Don’t Take Today for Granted: A Brief Tribute to Scott Dinsmore


Yesterday, I learned that Scott Dinsmore died.

Most of you probably don’t know who Scott Dinsmore is. Although I’ve had a few brief Twitter exchanges with him in the past year, I’ve never met him in person. In fact, if I passed him on the street, he wouldn’t know me from a bar of soap.

But the work he’s spent the last few years doing has had a pretty big impact on me.

Scott Dinsmore is the creator of the über-successful blog Live Your Legend, where he helped people find and do work that truly matters to them. The tagline on his website reads:

“Change the world by doing work you love.”

Back in 2012, Scott gave an inspirational TEDx talk titled “How to Find and Do Work You Love” that has become one of the most-watched TED talks of all time, garnering nearly 3 million views on YouTube.

Importantly, Scott didn’t just talk the talk. He also walked the walk. As he discussed in his TEDx talk, Scott began his career working at a Fortune 500 company. But just a few months into that gig, he realized that working in corporate America, sitting behind a desk for 40+ hours per week, made him want to “slam my head through the monitor of my computer.”

Shortly thereafter, he quit his job, launched a blog, and set out to build an online business where he could convince people to go the same route he did: finding and pursuing work they love.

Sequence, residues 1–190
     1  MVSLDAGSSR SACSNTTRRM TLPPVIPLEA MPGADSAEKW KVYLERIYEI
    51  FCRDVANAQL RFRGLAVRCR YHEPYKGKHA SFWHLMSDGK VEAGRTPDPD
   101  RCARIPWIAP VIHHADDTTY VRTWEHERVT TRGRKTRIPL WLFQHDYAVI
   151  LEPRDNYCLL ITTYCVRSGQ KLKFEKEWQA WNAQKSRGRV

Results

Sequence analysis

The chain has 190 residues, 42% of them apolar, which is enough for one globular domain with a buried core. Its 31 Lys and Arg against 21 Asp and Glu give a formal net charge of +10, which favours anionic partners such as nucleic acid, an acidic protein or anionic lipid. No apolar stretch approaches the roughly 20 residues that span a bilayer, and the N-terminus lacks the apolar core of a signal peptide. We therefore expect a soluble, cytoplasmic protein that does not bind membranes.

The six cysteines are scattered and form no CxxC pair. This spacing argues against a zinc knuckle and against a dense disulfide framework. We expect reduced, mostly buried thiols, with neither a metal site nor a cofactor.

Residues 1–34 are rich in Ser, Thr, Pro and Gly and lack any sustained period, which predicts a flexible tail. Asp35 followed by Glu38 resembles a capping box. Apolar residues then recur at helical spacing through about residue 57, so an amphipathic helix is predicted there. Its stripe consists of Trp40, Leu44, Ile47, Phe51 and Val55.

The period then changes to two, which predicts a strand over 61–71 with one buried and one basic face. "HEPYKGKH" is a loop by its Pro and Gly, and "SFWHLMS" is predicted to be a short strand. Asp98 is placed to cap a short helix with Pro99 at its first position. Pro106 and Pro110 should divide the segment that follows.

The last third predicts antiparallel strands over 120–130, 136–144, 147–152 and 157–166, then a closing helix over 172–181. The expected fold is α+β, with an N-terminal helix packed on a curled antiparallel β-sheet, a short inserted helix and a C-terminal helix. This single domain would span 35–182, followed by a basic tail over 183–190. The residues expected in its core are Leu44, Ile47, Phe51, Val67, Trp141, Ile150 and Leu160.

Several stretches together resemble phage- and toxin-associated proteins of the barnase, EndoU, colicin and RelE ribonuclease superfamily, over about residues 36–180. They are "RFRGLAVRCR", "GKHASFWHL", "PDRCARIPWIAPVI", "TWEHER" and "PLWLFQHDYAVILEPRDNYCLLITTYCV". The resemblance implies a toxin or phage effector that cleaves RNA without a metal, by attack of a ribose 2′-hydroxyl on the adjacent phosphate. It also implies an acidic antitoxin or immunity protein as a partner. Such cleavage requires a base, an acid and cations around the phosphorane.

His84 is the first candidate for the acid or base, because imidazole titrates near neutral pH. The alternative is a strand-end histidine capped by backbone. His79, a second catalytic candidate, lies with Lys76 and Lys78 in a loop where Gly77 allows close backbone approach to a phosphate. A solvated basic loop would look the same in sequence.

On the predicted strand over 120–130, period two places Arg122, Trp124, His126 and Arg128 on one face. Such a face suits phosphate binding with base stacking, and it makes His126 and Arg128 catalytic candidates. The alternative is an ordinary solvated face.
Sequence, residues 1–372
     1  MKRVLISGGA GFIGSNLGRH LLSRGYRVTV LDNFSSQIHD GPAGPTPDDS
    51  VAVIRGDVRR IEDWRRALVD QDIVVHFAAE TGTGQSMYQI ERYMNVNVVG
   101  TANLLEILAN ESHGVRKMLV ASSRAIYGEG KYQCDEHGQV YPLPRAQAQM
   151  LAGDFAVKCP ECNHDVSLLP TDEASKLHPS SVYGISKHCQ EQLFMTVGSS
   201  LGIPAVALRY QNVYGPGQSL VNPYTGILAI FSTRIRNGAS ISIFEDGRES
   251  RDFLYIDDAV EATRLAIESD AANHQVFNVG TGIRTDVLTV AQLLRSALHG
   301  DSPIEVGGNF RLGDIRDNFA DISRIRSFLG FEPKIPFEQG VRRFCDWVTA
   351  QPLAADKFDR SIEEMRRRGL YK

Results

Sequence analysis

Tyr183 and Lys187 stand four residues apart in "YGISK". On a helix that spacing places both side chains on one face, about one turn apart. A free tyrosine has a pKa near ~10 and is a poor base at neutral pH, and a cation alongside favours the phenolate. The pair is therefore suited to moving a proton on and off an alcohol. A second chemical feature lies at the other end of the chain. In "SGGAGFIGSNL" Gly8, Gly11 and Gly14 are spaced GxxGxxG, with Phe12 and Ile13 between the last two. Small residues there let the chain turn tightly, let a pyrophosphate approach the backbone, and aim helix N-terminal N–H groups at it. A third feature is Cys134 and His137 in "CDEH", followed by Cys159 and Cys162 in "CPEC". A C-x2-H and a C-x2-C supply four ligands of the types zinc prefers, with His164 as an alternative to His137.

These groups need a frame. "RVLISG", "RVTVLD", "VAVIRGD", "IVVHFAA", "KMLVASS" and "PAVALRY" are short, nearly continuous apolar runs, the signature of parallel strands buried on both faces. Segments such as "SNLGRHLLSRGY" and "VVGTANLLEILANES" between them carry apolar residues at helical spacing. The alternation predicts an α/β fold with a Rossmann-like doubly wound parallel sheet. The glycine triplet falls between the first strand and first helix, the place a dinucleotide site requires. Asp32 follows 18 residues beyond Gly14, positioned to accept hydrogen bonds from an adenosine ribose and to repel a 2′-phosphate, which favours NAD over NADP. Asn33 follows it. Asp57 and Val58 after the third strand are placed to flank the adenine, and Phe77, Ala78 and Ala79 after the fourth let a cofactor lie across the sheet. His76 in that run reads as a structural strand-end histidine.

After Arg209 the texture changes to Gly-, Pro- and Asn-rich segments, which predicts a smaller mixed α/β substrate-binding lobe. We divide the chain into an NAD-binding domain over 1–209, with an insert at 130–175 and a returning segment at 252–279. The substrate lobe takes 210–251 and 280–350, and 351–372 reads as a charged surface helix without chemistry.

Back in 2011 or so, when I was in the midst of my own career crisis, I read a lot of books and blogs that dealt with the topics of productivity, personal development, life mission, passion, and so on. Inevitably, I came across Scott Dinsmore, who was “blowing up” online at the time.

His enthusiasm was contagious, and I watched numerous videos of him talking about his blog and his business (for examples, see here and here).

He was one of the people who convinced me that I needed to make some changes in my life and do more things that I’m passionate about.

In addition, he made me realize that, just like him, I really enjoy helping others (especially students) find and pursue careers that get them excited about Monday morning. It was ultimately part of the reason I switched my research and teaching focus to the topic of passion and, subsequently, started this blog.

Over the past few years, I’ve incorporated his TEDx video into my passion class, and it always goes over well with students. I think it’s pretty clear from the video that Scott was passionate about living life to the fullest.

That’s probably why he and his wife, Chelsea, sold all of their belongings last year and set out in early 2015 on a year-long jaunt around the globe. They wanted to travel around the world hosting dinner parties and meeting many of the passionate people they had connected with online.

Over the past 9 months, Scott has run his online business from around the world and blogged about his many adventures along the way (to read about some of his adventures, see here).

On September 4, 2015, Scott posted a new blog entry titled,” I’m Going Off the Grid: Therapy for an Addicted & Over-Connected World.” In it, he wrote: